Thank Carbon for Air Cars
Green Energy News
Saturday 16 February 2008
One of the great success stories of recent technological history is carbon fiber. Light, stronger than steel and corrosion proof, it's used in everything from airplanes to fishing rods to sailboat masts. Without carbon fiber composites Guy Negre wouldn't have his air powered cars. It's the super strong carbon fiber pressure tanks that make the cars possible.
Soon cars running on compressed air will go into production - in India. MDI Industries, of Carros, France, which develops the air powered cars and engine technology, has signed a licensing agreement with Tata Motors that allows that company exclusive rights to manufacture and market an MDI car and its technology in the world's second most populous nation. The small, fiberglass composite 770 pound (350 kg) cars could sell for about $5000.
(Tata, by the way, is the same company that is offering its People's Car, the Tatanano which shocked the world recently with its less than $2500 starting price. Concern was raised among environmentalists that the potential of millions more cars on the planet wasn't helpful.)
Negre, who invented the air-power technology, says that Tata will be the only large car company allowed to build cars and use the technology for other purposes. He wants large numbers of investors to build smaller plants scattered around the globe. The plants would build cars and sell them directly to consumers. Up to 80 percent of parts could be locally-sourced, creating jobs. Emissions from shipping parts thousands of miles would be eliminated. Cutting out the middlemen - direct factory to consumer sales - would cut costs as well. With hundreds of factories worldwide, he's looking at one percent of global market share of automobiles - about 680,000 cars a year.
Under the hood of an MDI car is more than just a horizonally-opposed air powered piston engine. The Compressed Air Technology (CAT) includes two types of engines: Mono and Dual-Energy. Mono engines run on compressed air only in urban environments. Dual-Energy engines have a hydrocarbon fueled burner which heats air in the cylinders to increase pressure on the pistons. The addition of a combustible fuel means more power and extended range. The addition of an external heat source acting on the cylinders makes the engine design a close cousin of a Stirling engine.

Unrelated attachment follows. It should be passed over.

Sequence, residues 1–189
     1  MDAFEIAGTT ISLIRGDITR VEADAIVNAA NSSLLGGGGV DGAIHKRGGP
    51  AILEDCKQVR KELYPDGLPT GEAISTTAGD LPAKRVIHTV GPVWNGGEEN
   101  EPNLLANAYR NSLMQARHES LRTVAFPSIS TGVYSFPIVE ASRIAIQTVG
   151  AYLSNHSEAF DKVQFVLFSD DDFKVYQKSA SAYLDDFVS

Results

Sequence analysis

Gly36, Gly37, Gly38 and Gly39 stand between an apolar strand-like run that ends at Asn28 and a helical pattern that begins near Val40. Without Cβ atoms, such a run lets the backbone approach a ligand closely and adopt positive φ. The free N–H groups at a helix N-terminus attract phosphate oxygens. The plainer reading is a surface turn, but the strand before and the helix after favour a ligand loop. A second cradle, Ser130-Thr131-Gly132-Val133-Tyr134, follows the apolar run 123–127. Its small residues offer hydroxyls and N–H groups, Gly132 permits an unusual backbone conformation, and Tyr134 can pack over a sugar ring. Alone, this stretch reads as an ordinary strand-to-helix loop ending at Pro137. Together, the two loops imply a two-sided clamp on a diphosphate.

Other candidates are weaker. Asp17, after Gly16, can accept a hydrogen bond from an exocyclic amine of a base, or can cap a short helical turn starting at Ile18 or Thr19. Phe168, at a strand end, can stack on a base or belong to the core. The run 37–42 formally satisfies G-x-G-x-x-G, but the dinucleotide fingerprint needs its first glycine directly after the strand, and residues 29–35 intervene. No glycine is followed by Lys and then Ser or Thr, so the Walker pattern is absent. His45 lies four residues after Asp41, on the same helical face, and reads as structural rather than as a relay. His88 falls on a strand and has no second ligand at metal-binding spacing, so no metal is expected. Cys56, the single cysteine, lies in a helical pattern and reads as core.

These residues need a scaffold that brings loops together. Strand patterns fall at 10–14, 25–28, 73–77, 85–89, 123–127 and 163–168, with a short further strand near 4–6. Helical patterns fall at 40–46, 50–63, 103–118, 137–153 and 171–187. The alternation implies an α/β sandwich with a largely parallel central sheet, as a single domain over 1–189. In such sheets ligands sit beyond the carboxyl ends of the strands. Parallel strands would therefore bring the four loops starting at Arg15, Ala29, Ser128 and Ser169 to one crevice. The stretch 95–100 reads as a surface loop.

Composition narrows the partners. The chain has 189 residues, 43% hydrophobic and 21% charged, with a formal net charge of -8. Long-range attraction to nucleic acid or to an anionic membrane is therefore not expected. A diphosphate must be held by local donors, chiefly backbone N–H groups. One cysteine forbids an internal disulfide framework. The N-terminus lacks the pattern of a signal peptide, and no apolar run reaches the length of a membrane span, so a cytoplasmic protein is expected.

The car model that Tata Motors will be selling is a version of the OneCAT. MDI's website gives that model a top speed range of 55 - 68 miles per hour and a full tank range of 62 to nearly 500 miles. The significant range increase is due to the addition of heat source. Fuel for the burner can be bio-based or petroleum. On long distance runs the Dual-Energy CAT should achieve 120 miles per gallon. Around town on air-only fuel economy will be higher.
From a specialized, powerful air pumping station, pressure tanks can be refilled in about 3 minutes. At home, using the on-board compressor, filling takes about 4 hours. One can imagine solar-powered air filling stations for true full cycle zero emission transportation.
The engine is made of modules comprised of two opposing cylinders. Modules can be bolted together to make 4 or 6 cylinder engines, for instance. Current engines underdevelopment have power outputs ranging from 4 to 75 horsepower. Further development is planned for engines of 200 horsepower and higher to use in buses and trucks. The company says dozens of modules could be bolted together for even greater output for stationary applications.
The wide range of engine sizes possible with CAT makes for a wide range of possible applications - cars, trucks, buses, electric power generators, tow tractors, forklift trucks, agricultural tractors, outboard motors even engines for light aircraft.
Tata under its agreement is already thinking about power generators for remote use. In power generator mode the engine runs on fuel - anything available - to generate power as needed, or compress air. In emergency situations stored compressed air could run a CAT generator.
There's more than the company talks about as well. One can also imagine using the technology as part of an energy storage system for solar or wind power. Excess energy from either source could be stored as compressed air by way of an electrically-driven compressor.
There's another added value in the technology as well. The engines, being somewhat similar to conventional internal combustion engines, share similar time-tested production techniques - casting and machining for example - and are able to capture the wonders of volume production to keep costs down.
The technology seems like a winner. But if it weren't for carbon fiber it wouldn't be possible.
For More Information: